Simultaneous phase-stability/-split computation for multiphase oil-displacement simulation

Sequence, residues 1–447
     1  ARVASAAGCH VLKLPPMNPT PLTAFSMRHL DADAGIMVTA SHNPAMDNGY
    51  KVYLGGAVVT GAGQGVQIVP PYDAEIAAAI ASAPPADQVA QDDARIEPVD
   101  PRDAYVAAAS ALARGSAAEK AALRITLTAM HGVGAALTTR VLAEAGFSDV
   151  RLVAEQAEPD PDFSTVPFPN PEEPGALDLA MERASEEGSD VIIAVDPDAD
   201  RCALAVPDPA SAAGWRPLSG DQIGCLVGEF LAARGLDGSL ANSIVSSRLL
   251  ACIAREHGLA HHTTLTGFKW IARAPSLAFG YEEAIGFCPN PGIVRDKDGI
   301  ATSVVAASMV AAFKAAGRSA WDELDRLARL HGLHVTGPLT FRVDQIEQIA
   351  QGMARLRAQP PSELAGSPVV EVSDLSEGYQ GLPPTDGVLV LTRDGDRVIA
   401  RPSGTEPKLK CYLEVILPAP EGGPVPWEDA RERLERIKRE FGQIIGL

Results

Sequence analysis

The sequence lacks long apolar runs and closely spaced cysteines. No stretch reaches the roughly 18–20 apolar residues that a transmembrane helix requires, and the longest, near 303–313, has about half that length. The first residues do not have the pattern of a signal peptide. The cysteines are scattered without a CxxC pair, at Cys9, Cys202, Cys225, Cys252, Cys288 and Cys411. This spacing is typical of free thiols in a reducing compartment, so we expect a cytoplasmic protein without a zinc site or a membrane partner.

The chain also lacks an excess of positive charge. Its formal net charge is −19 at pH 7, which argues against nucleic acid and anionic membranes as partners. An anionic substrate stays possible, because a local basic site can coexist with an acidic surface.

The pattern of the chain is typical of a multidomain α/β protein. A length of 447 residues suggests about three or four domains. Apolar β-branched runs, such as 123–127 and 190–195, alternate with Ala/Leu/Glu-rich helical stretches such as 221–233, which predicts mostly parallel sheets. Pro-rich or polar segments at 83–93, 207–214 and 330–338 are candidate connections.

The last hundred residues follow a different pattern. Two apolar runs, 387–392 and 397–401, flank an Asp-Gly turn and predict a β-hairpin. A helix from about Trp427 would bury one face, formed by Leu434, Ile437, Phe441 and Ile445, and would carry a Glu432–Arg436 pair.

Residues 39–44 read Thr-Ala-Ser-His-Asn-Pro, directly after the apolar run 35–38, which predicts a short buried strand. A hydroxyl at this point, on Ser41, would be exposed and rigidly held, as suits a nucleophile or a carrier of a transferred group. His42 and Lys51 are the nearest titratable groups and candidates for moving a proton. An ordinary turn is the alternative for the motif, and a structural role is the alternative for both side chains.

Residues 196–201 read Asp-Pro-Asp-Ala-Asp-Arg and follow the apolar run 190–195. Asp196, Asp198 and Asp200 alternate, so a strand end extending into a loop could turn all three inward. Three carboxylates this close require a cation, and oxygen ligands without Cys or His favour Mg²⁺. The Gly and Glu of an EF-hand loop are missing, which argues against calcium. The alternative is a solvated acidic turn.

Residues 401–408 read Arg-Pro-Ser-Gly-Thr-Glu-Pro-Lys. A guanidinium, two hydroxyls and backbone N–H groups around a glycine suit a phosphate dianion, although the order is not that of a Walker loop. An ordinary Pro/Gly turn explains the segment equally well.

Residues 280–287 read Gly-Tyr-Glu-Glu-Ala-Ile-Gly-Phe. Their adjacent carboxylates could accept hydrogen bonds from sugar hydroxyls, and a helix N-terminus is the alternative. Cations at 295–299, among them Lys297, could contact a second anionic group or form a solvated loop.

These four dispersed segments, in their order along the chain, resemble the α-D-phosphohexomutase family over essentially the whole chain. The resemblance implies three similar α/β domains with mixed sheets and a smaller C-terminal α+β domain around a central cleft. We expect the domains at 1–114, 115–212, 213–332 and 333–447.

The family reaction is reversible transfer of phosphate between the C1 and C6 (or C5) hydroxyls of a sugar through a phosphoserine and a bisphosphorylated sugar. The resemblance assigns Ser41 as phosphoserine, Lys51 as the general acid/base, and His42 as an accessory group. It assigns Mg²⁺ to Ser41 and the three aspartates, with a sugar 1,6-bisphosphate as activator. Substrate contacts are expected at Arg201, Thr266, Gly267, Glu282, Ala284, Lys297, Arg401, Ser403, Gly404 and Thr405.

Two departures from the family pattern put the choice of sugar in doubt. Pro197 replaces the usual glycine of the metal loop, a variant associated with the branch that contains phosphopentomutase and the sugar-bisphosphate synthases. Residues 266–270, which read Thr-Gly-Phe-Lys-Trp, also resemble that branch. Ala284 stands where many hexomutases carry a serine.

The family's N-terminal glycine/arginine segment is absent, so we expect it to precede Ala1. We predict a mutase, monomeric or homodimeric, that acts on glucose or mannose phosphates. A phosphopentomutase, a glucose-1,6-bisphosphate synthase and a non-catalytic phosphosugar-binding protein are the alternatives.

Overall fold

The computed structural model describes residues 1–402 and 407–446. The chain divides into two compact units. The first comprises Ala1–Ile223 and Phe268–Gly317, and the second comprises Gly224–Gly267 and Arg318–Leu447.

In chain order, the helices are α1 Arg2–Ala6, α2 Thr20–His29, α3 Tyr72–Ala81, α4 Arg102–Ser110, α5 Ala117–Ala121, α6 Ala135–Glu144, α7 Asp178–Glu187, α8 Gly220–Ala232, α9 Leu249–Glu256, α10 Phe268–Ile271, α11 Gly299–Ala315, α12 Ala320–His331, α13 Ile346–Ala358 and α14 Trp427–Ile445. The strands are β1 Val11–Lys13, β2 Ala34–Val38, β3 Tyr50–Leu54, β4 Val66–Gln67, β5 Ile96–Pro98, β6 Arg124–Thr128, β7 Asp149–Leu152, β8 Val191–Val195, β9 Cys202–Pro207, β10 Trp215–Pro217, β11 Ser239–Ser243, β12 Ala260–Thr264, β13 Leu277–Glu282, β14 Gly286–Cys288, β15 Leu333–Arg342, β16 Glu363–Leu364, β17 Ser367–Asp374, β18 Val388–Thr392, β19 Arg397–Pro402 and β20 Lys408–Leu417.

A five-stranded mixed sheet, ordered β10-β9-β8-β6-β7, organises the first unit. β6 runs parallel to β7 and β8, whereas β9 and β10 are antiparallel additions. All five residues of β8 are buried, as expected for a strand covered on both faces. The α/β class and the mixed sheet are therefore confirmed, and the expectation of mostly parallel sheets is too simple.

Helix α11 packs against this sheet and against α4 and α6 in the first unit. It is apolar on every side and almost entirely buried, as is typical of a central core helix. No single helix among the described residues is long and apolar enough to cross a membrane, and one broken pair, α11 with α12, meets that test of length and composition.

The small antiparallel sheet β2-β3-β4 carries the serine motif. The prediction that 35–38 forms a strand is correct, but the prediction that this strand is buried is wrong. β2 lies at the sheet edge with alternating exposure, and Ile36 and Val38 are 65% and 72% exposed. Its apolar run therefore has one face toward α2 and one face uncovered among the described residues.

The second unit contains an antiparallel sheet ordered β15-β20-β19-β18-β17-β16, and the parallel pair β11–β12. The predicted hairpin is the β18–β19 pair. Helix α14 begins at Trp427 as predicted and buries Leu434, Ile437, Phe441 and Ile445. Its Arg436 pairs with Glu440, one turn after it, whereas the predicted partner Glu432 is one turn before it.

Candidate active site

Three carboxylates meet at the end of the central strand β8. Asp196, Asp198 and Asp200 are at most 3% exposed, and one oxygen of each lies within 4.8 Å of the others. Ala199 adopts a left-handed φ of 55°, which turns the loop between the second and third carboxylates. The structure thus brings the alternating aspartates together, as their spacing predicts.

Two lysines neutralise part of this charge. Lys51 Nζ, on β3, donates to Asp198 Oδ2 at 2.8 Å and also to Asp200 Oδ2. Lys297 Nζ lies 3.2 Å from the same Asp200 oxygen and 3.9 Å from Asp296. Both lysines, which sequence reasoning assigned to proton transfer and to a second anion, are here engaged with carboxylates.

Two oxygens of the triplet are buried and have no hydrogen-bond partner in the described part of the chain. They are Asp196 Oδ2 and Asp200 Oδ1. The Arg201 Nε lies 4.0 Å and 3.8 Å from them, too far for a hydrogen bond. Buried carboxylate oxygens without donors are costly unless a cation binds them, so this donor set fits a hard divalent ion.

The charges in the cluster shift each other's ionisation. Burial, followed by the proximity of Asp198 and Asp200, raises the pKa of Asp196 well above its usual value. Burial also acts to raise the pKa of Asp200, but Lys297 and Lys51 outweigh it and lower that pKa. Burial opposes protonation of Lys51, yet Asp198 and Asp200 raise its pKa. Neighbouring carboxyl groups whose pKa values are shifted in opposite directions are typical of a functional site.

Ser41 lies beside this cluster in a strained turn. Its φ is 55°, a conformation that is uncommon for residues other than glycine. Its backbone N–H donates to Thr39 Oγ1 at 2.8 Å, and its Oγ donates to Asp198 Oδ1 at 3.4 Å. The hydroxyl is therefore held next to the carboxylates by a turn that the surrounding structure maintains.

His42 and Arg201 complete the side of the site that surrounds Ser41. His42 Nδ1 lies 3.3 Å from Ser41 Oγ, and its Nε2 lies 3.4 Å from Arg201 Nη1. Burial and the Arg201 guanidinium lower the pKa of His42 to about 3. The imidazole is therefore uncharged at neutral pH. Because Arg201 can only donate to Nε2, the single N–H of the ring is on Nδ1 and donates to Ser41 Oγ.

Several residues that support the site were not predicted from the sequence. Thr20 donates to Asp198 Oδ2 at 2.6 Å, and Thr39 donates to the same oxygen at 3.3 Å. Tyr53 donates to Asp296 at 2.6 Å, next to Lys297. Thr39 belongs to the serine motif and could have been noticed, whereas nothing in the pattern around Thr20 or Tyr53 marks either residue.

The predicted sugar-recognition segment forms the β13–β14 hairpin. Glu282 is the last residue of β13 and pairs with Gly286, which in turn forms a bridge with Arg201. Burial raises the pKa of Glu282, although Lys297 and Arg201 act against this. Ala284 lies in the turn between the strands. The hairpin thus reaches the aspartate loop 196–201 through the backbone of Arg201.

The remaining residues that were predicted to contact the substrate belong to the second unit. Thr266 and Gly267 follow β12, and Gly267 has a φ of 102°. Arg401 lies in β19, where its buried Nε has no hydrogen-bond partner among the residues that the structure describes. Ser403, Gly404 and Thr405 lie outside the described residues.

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Solvent injection is a widely used method for enhanced oil recovery. Phase behavior of reservoir-oil/injection-gas mixtures should be effectively used for successful implementation of solvent injection. Complex phase behavior involving three hydrocarbon phases has been observed for many solvent injection processes at temperatures typically below 120°F. Well-known examples are CO2 injection for West Texas oils and enriched gas injection for Alaskan viscous oils, for which the multiphase behavior consisted of the oleic, solvent-rich liquid, and gaseous phases. Such multiphase behavior makes it challenging to study details of solvent injection. Firstly, it is computationally difficult to robustly solve for multiphase behavior using an equation of state. Secondly, how the interplay between multiphase flow and multiphase behavior affects oil displacement is much more involved than the traditional gas injection problem with only two hydrocarbon phases. This research is concerned with two main technical challenges in multiphase behavior modeling for solvent injection: robust multiphase flash calculation, and quantification of the miscibility development through three-hydrocarbon-phase flow. In the initial part of this dissertation, a novel algorithm is presented for multiphase isobaric isothermal flash. The formulation is derived from global minimization of the Gibbs free energy using the tangent plane defined at an equilibrium phase composition at a specified temperature and pressure. The new algorithm solves for two groups of stationary points of the tangent-plane-distance (TPD) function: tangent and non-tangent stationary points of the TPD function. Equilibrium phases, at which the Gibbs free energy is tangent to the TPD function, are found as a subset of the solution. Unlike the traditional flash algorithms, the new algorithm does not require finding false solutions for robust multiphase flash. The advantage of the new algorithm in terms of robustness is shown to be more pronounced for more complex phase behavior, for which multiple local minima of the TPD function are present. It can be robustly initialized even when no K value correlation is available for the fluid of interest; e.g., multiphase behavior involving a solvent-rich liquid phase. The final part of this dissertation presents a straightforward application of a mass conservation equation to explain and quantify the local oil displacement efficiency in three-hydrocarbon-phase flow. Mass conservation dictates how components must partition into phases upon a multiphase transition (e.g., between two and three phases) in multiphase convective flow. Detailed analysis of multiphase compositional flow equations leads to the distance parameter that quantifies the level of the miscibility developed between a displaced phase and a displacing phase in the presence of other immiscible phases. This distance parameter becomes zero when multicontact miscibility is developed, for example, between the oleic and solvent-rich liquid phases in the presence of the gaseous phase in low-temperature CO2 flooding. However, the application of the distance parameter is complicated when a composition path is calculated by using the equation-of-state compositional formulation that takes into account volume change on mixing. In such an application, the mapping of the distance parameter from volume space to composition space was performed, which made the calculated distance parameter less accurate near a displacement front where the solvent concentration rapidly changes. In this research, the distance parameter is applied directly in volume space for a given composition path. This is a more direct and accurate way to validate the utility of the distance parameter to quantify the local displacement efficiency in three-phase flow. A composition path in three-phase oil displacement is obtained by numerically solving 1-D convective compositional flow equations with no volume change on mixing in this research. The new flash algorithm mentioned above is implemented in this in-house slim-tube simulator. In case studies based on experimental data, the distance parameter is shown to successfully quantify the local oil displacement efficiency in three-phase flow. It properly captures the effects of numerical dispersion and relative permeability on the development of multicontact miscibility. This is because the distance parameter is derived by a simple rearrangement of the weak form of a compositional flow equation.